By now, most of us have heard the African continent being labelled as “the next frontier” – perhaps more times than we can count. This repetition notwithstanding, the truth that lies behind this phrase is that the African continent promises significant growth and development opportunities – at the same time that trade will be bolstered by government commitment in the form of the African Continental Free Trade Area (AfCFTA) agreement.

I have previously written in this very forum about the benefits of the AfCFTA for exporters. Signed by the heads of 54 African countries, the AfCFTA agreement lays the foundation in which many industries are building their African aspirations. The World Economic Forum, in its report “AfCFTA: A New Era for Global Business and Investment in Africa”, highlights that the AfCFTA creates a single market projected to grow to 1,7 billion people and $6.7 trillion in consumer and business spending by 2030 – only six years from now.

Moreover, the World Bank projects that the AfCFTA could “lift 50 million people out of poverty, raise overall incomes by 8%, increase intra-African exports by up to 109%, and increase international exports by 32% by 2035”. To go into specific examples, a high-yield industry such as automotive manufacturing is expected to grow to more than $42 billion by 2027, while intra-African trade in agriculture is expected to increase by 574% by 2030 (provided import tariffs are eliminated under the agreement).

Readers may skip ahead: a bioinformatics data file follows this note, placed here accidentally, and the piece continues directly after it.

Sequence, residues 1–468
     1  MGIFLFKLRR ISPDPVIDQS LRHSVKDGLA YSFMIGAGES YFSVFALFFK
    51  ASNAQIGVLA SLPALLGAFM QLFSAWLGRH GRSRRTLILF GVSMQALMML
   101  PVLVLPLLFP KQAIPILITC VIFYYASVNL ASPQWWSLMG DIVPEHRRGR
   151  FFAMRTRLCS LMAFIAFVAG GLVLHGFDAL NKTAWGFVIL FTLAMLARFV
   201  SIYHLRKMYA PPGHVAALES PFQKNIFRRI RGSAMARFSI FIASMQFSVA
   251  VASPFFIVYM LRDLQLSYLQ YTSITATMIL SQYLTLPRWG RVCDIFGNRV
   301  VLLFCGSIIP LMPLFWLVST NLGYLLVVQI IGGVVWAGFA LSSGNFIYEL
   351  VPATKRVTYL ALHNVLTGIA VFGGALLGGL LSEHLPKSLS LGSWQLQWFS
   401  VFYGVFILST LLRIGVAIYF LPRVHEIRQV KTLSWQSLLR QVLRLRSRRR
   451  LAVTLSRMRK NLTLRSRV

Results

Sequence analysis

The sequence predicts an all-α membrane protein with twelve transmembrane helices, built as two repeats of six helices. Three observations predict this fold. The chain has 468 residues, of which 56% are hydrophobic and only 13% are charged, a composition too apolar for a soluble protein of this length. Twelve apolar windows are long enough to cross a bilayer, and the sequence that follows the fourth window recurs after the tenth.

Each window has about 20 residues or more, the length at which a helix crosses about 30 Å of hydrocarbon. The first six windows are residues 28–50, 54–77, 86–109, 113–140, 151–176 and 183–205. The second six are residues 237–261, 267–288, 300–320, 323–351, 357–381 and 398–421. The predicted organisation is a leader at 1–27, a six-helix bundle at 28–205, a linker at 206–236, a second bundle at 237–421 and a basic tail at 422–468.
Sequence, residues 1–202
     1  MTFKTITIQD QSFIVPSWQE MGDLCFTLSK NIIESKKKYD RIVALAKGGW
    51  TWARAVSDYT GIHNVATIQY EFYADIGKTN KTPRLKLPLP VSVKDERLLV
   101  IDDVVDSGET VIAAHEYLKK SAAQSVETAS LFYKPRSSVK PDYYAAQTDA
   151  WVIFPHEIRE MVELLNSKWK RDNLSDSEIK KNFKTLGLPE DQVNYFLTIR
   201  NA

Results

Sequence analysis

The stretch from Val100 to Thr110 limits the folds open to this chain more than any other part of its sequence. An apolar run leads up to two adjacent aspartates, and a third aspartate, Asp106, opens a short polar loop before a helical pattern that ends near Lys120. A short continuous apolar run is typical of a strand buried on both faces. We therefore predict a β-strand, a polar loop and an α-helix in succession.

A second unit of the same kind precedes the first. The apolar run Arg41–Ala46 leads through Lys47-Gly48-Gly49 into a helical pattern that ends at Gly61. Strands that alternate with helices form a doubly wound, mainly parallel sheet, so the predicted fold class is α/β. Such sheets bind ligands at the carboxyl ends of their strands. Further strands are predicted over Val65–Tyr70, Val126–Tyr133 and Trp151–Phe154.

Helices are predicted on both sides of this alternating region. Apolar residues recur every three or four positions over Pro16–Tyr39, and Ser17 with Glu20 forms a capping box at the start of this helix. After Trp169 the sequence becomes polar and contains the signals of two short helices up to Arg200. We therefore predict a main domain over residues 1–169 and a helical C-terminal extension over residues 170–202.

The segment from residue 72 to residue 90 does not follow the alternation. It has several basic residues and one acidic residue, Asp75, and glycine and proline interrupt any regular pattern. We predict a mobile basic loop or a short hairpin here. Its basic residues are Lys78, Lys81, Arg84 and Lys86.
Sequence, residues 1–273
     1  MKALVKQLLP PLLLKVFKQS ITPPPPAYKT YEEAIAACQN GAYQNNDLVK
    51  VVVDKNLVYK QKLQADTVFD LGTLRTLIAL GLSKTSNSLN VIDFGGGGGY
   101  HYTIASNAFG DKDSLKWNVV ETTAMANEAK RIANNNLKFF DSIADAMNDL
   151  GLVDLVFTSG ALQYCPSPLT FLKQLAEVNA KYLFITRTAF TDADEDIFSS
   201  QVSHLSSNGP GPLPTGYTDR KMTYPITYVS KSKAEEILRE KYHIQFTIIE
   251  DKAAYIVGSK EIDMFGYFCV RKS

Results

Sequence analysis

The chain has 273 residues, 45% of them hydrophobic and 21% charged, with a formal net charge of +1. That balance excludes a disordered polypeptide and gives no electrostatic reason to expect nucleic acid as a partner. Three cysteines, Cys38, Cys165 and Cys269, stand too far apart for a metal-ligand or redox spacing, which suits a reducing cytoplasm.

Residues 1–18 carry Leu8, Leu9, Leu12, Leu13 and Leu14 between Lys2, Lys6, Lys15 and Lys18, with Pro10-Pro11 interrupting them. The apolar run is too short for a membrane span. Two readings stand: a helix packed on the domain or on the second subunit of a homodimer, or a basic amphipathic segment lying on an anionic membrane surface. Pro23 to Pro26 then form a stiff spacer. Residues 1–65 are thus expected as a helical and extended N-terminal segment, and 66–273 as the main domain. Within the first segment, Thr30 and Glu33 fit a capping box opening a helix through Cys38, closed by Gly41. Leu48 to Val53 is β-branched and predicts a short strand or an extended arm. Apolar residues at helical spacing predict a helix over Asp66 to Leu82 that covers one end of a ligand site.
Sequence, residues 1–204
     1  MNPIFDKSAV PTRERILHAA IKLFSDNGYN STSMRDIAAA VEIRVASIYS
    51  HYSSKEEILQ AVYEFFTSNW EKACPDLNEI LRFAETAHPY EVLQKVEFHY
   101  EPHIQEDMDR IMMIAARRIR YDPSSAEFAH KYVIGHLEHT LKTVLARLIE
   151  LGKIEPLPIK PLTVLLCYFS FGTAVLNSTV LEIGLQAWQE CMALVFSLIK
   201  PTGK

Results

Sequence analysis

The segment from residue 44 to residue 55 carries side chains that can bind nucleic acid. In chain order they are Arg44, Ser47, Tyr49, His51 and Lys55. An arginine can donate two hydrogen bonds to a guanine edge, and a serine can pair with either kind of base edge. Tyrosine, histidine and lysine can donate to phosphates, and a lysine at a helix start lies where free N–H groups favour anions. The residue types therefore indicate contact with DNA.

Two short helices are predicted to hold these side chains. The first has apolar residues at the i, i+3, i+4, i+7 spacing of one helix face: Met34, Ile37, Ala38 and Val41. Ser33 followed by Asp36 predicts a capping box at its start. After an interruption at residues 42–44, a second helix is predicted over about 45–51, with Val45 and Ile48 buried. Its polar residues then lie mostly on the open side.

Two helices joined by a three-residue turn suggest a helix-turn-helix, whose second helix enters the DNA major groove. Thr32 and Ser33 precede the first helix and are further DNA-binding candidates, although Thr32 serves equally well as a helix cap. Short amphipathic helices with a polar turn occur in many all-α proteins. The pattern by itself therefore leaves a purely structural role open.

With this kind of advancement, who could doubt the potential of Africa?

That being said, potential needs the right circumstances and support in order to be realised. The World Economic Forum report relies on the strategies of several multinational companies to draw its conclusions on how this potential can be leveraged: through local partnerships with government and local institutions; investment in local infrastructure and logistics; and using synergies through integrated environments.

Or, to sum up their findings in a word, collaboration. If exporters are meant to make the most of Africa as a future market, collaboration in multiple aspects will be the key to unlocking the growth they seek. First, political will is paramount, and partnering with the government of any specific African country can make or break any ventures made into a new market. Just ask the leadership at Volkswagen Group Africa, one of our member companies, who have made government relations the core of any market exploration – and who is cited in the World Economic Forum report as one of the successful pioneers when it comes to expanding into Africa.

The second tier of collaboration is with local business and community; by investing where one intends to operate, one can gain the support and respect of the local citizens – who will inevitably become the customers, suppliers, and economically speaking, the beneficiaries of one’s business down the line.

Finally, though it may sound contradictory, there are benefits to collaborating with your competitors. In establishing an industry where there might not be a substantial one yet, it makes sense to empower a local supply chain – and since suppliers can work with more than one client, larger companies can invest together to create that supply chain for their industry and ultimately build their mutual success.

To any exporters planning their path into Africa, consider how much more we can achieve if we pave that road together. Africa can be a success story – for all of us.

Quintin Levey, Exporters Eastern Cape Chairman

The Herald – Let’s Talk Exports – Published May 2024